The enemy is crafty. When he has exhausted one attack on the vital core of the Christian faith, he tries another. And another. And another. There are always seemingly well-taught people who reject all the old heresies and compromises but swallow the new ones whole. These are the same folks Jesus derided for laying wreaths on the tombs of the dead prophets while persecuting the living ones. They have failed to learn the lessons of the past because they understand the old heresies as bad ideas, and not as temptations.

The liquor ad always has a picture of the girl dancing at a party on Friday night, never a picture of the same girl passed out in a gutter on Saturday morning. Temptations always look good at the time, and bad in hindsight. The old heresies were tempting at the time–and we need to learn to see how the temptation worked at the time–but usually don’t look all that appealing today. The new attacks look very tempting now, because they are temptations geared to this historical moment.

And so one of the pastor’s tasks is to continually articulate the unchanging fundamentals of the Christian faith in a way that cuts against the current set of temptations. There is an ever-present danger of being ready to win the battles of the past, but woefully unprepared for the temptations of the present. So while I happily affirm and defend the Creed of Nicea, the Definition of Chalcedon, the five solas of the Reformation, the five fundamentals of the early 20th century, and so on–if I stop there, I am not doing my job.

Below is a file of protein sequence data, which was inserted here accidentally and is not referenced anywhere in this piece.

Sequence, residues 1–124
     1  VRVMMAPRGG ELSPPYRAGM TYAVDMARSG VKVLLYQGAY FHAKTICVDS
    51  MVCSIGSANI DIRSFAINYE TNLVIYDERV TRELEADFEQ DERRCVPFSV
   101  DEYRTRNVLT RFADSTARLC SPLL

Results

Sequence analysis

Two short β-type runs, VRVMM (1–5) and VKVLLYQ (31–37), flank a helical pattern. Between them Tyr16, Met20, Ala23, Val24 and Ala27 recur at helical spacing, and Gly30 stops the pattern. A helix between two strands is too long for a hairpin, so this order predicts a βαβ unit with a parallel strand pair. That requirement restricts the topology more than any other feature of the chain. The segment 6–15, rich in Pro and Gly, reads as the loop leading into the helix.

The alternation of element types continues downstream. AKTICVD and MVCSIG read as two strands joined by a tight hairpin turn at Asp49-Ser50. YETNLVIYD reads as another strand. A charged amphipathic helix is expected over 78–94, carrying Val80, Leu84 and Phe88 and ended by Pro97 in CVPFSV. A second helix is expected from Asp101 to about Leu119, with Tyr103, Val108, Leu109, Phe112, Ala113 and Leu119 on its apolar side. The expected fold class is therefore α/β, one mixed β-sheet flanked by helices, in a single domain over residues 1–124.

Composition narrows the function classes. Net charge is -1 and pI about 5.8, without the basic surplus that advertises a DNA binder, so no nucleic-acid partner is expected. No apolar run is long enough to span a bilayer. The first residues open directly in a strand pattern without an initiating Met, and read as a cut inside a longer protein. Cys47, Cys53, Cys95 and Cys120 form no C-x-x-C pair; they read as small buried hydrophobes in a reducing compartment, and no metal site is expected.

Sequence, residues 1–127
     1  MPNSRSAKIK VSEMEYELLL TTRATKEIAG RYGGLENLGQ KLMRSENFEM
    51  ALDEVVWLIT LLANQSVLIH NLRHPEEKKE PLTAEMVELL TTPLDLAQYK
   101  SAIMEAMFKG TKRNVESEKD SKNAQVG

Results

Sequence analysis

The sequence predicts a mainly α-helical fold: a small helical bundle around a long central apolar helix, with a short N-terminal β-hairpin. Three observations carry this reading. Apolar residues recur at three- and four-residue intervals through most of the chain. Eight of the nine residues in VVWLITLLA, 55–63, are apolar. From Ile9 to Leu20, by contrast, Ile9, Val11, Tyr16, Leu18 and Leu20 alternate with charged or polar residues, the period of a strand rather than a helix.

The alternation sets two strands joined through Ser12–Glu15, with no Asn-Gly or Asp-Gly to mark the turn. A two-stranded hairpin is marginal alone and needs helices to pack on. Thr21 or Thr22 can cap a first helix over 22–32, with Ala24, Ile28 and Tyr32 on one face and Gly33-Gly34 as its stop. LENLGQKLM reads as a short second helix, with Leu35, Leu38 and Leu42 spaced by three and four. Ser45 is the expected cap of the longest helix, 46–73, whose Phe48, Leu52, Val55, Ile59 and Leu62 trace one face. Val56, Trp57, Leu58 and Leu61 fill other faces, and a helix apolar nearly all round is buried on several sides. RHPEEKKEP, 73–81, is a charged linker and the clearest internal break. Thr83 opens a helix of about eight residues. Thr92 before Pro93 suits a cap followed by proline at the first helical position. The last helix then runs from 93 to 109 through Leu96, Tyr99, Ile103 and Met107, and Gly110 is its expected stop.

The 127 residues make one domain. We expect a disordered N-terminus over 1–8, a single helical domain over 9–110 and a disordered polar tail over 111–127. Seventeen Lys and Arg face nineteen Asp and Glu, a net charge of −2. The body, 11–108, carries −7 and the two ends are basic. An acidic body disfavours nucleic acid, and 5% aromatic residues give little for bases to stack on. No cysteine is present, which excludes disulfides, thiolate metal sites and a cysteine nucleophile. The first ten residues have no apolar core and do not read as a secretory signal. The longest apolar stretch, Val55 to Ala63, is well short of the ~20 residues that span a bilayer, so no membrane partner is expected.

The need of the hour is to articulate the unchanging Christian faith in a way that cuts against today’s temptations. In this series, I will lay out a modest proposal: five fundamentals to do just that.